MIDTOWN — The top young bowlers in the nation showed off their skills at Grand Central Terminal Wednesday as the 14th Annual Teen Masters’ Bowling Championship rolled into action.
The crash of pins and erupting cheers echoed through Vanderbilt Hall Wednesday as the building hosted its first-ever bowling championship, which is set to continue through Thursday evening, culminating in a guy vs. girl Grand Championship showdown at 7 p.m.
But it wasn’t all smooth sailing. The competition, which was set to kick off at 2 p.m., was delayed for more than an hour Wednesday after contractors hired to assemble the bowling lane showed up — ironically — wearing inappropriate footwear.
To continue construction, the crew was forced to head over to Modell’s Sporting Goods, where they traded their flip-flops for OSHA-approved work boots, Teen Masters staff and volunteers said.
“It turns out you can’t work anywhere in the U.S. with flip-flops,” said MTA spokeswoman Margie Anders, adding simply, “They came not appropriately dressed. They came back appropriately dressed.”
Despite the hiccups, participants were overwhelmed to be part of the competition, whose winner will receive a $64,000 college scholarship prize.
“I knew it was going to be amazing,” said Elmont, Queens, resident Tommy Genova, 17, who has been bowling since he was three or four years old and was set to compete Wednesday evening.
“This is one of the biggest forums in the country,” he said.
Each round featured two games between competitors, with sudden-death roll-offs in the case of a tie.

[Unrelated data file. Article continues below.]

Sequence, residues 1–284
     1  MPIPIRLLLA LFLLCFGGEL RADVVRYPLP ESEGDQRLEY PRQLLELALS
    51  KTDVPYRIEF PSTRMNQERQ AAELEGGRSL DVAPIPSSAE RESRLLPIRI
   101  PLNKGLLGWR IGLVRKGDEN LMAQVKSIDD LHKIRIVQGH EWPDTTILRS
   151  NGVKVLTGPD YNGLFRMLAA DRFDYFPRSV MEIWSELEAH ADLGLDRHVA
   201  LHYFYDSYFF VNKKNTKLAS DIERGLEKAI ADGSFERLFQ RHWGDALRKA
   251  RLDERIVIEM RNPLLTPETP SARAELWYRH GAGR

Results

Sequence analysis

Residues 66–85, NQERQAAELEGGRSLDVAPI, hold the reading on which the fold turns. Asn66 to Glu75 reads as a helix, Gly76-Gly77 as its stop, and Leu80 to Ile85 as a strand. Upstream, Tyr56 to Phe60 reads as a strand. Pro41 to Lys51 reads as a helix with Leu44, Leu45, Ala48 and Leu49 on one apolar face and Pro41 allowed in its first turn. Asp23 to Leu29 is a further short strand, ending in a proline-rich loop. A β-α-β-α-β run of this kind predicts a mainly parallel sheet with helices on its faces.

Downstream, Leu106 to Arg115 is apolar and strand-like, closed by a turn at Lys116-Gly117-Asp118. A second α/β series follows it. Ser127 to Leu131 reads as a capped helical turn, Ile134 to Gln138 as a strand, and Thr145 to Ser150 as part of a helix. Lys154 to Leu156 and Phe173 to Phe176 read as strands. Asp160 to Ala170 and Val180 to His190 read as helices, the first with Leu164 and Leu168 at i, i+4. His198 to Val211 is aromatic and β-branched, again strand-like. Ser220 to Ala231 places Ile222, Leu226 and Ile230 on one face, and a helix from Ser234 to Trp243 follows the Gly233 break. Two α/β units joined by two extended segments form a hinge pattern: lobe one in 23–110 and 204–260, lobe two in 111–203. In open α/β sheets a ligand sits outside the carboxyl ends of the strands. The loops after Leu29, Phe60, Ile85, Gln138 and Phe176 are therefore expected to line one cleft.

Gabriella Mayfield, from Lake Isabella, Calif., was the first to win a series, beating her opponent 2-0.
“It was unbelievable. I’m surprised I threw the ball so well. I was so nervous,” said Mayfield, 17, who said she’d never before made it this far in a national competition.
“I’m on cloud nine right now,” she said.
Her dad, Dan Mayfield, was equally thrilled.
“I can’t believe it. She’s amazing, She did great,” he said proudly after giving his daughter a big hug.
Melanie Hannon, 17, from upstate Cheektowaga, lost the matchup. She said she had no regrets about traveling to compete.
“It was a great experience. It’s so unique getting to bowl in an arena like this. It was really cool,” she said with a smile, despite tears clouding in her eyes.
Others in attendance said they hoped the high-visibility location would help expose people to bowling as a sport.
“A lot of people get that confusion that it’s just a recreational sport. It’s also serious,” said Genova, noting that he practices three to four times a week to stay at a competitive level.
“It doesn’t get the recognition that it should,” agreed his father, Tommy Genova Sr., who described the grand set-up in the station as “the biggest stage we’ve been on. … I think it’s overwhelming,”
Still, competitor Ryan Ventillo, 18, from New City, in Rockland County, said the pressure had been a challenge.
“The past couple of days have been very mentally straining and very, very tough,” he said ahead of his match, adding that the long set-up delay had eaten into the warm-up time that competitors had been promised.
“It’s definitely a new and different environment,” he said.
Those passing through also seemed to get a kick out of the new installation at the station, which has previously hosted everything from tennis matches to billiard tournaments to fashion shows.
“If you’re bored you can come here and watch," said Sara Costan, 18, visiting from Spain.
The games are set to continue Thursday at noon, culminating with the Grand Championship Match at 7 p.m. Admission is free.